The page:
This thesis concerns the concepts associated with 'organisation-level competence'. Its focus is on the internal nature of organisation-level competence and with its application to company strategic management. The topic generated considerable interest in the early to mid 1990s amongst practitioners. This interest reflected the increased importance of the internal resource perspective on company strategy arising through increased global competition and the influence of rapidly developing technology. However, this interest generated much confusion as the concepts were often poorly defined, and although a prior theoretical base existed this was poorly linked to the practical use of the concept. This thesis demonstrates the theoretical roots of the concept and shows how it has been interpreted from the perspective of different research paradigms. It reports on research that has challenged the concept empirically and shown how it can be operationalised in several contrasting technology-based organisations. The focus of the work was an internal approach to the analysis of competence, in contrast to much of the literature on competence which concentrates on its external application. In view of the undeveloped status of the topic, and the desire to build theory and understanding rather than to make empirical generalisations, the research was concentrated on idiographic case studies. One of the outcomes of the research has been to provide a foundation for further work which can now build on better established concepts. The central theme of the research was to establish an improved understanding of the nature of competence in organisations. The concept has been delineated more precisely than hitherto and a framework has been derived for integrating related concepts. This is important since vagueness has arguably been limiting to the application of the concept. Competence has been delineated in terms of the new concepts of 'potential competence' and 'realised competence'. In doing so the paradox has been addressed that competence appears to be both a persistent and a contingent property. Another paradox, between competence and rigidity, has been addressed by proposing the unifying framework of a 'Resource utility matrix'. In addition the way in which the factors influencing competence can interact has been described. The research also provides an empirically derived and theoretically informed basis for techniques of applying the competence concept to the practice of strategic analysis. The questions of language and definition have been addressed. Limitations have been identified with analysis approaches in common use that are based on a hierarchical breakdown and a new approach has been proposed and tested which avoids such a breakdown. The approach makes use of a framework which has also been found to form a successful representation of company competence, within certain limits. A set of complementary representations has been suggested. The studies have also produced implications for the management of competence in organisations, including the potential and limitations of managerial action and the transferability of competence.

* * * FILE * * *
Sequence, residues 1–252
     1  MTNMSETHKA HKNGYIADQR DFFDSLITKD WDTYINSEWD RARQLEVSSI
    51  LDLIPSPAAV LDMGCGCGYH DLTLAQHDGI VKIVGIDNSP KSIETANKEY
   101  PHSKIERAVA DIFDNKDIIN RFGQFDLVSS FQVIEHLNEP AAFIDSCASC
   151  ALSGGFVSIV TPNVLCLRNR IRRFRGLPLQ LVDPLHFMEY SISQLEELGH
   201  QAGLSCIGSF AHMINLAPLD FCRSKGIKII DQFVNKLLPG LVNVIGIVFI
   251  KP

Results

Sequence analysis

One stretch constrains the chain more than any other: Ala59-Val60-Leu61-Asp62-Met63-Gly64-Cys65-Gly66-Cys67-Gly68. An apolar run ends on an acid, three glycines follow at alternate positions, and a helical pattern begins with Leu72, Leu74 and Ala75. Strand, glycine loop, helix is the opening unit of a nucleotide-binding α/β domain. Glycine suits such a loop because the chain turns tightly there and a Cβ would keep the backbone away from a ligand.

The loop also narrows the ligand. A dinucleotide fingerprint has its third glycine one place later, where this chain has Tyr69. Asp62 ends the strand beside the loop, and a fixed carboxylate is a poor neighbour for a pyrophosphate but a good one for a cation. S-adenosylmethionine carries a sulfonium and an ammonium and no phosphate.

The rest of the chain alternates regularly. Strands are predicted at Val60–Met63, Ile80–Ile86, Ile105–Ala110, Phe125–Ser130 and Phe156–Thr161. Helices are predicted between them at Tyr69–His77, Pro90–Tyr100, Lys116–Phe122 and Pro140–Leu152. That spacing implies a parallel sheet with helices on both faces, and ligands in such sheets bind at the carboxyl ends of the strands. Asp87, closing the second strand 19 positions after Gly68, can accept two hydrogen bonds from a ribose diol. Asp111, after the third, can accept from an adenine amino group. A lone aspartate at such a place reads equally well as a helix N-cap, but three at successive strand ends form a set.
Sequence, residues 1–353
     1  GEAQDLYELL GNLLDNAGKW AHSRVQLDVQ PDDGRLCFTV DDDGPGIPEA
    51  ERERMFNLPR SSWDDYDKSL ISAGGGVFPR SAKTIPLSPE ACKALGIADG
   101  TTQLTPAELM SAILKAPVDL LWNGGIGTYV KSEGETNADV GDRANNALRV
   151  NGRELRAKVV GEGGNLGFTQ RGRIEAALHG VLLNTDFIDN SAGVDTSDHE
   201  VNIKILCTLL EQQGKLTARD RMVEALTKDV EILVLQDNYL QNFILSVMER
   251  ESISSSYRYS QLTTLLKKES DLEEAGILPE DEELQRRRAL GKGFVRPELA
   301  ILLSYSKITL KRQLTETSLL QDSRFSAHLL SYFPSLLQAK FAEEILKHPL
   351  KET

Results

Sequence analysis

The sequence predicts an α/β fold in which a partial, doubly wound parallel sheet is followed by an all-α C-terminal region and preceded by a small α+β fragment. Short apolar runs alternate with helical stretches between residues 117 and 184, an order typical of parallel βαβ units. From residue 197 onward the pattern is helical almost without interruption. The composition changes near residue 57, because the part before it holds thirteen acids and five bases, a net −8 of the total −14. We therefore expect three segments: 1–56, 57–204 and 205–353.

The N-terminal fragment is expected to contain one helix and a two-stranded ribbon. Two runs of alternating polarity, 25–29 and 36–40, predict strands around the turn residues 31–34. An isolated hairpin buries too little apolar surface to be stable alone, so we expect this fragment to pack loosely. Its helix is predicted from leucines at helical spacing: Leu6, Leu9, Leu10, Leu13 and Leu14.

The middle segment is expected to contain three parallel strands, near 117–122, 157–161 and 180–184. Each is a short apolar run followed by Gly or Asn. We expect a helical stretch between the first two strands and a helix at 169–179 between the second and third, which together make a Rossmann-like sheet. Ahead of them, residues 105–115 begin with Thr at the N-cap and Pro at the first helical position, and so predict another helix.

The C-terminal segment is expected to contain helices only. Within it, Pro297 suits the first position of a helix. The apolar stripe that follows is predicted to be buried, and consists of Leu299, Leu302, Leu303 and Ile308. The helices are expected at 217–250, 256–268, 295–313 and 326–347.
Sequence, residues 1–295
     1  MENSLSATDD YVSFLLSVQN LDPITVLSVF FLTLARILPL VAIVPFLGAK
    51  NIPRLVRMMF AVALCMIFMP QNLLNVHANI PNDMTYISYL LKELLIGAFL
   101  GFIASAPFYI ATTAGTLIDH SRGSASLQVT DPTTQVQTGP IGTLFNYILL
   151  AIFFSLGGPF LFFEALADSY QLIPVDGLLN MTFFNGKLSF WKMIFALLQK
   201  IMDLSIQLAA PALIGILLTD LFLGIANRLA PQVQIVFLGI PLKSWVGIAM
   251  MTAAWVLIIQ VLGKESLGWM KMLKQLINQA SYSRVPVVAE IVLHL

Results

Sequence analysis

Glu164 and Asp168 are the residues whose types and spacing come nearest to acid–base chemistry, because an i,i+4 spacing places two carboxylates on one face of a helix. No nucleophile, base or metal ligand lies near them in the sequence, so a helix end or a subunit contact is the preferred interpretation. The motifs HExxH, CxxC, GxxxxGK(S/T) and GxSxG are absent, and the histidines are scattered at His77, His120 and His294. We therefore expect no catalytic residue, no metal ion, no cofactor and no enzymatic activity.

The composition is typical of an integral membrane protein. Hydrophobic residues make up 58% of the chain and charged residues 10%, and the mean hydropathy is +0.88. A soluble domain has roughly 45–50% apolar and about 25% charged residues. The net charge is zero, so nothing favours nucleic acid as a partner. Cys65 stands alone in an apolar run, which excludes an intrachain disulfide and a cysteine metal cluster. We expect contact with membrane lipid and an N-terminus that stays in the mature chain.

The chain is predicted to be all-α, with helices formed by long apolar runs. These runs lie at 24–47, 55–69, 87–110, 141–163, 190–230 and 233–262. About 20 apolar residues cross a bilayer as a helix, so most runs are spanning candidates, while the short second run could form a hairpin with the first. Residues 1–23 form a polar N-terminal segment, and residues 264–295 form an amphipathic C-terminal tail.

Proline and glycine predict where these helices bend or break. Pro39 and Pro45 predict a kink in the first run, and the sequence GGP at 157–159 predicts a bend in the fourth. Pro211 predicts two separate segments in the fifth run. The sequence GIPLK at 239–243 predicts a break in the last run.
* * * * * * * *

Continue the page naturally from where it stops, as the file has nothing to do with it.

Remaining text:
The communication and exchange of information between state and stakeholders

Baxter, Graeme January 2014 (has links)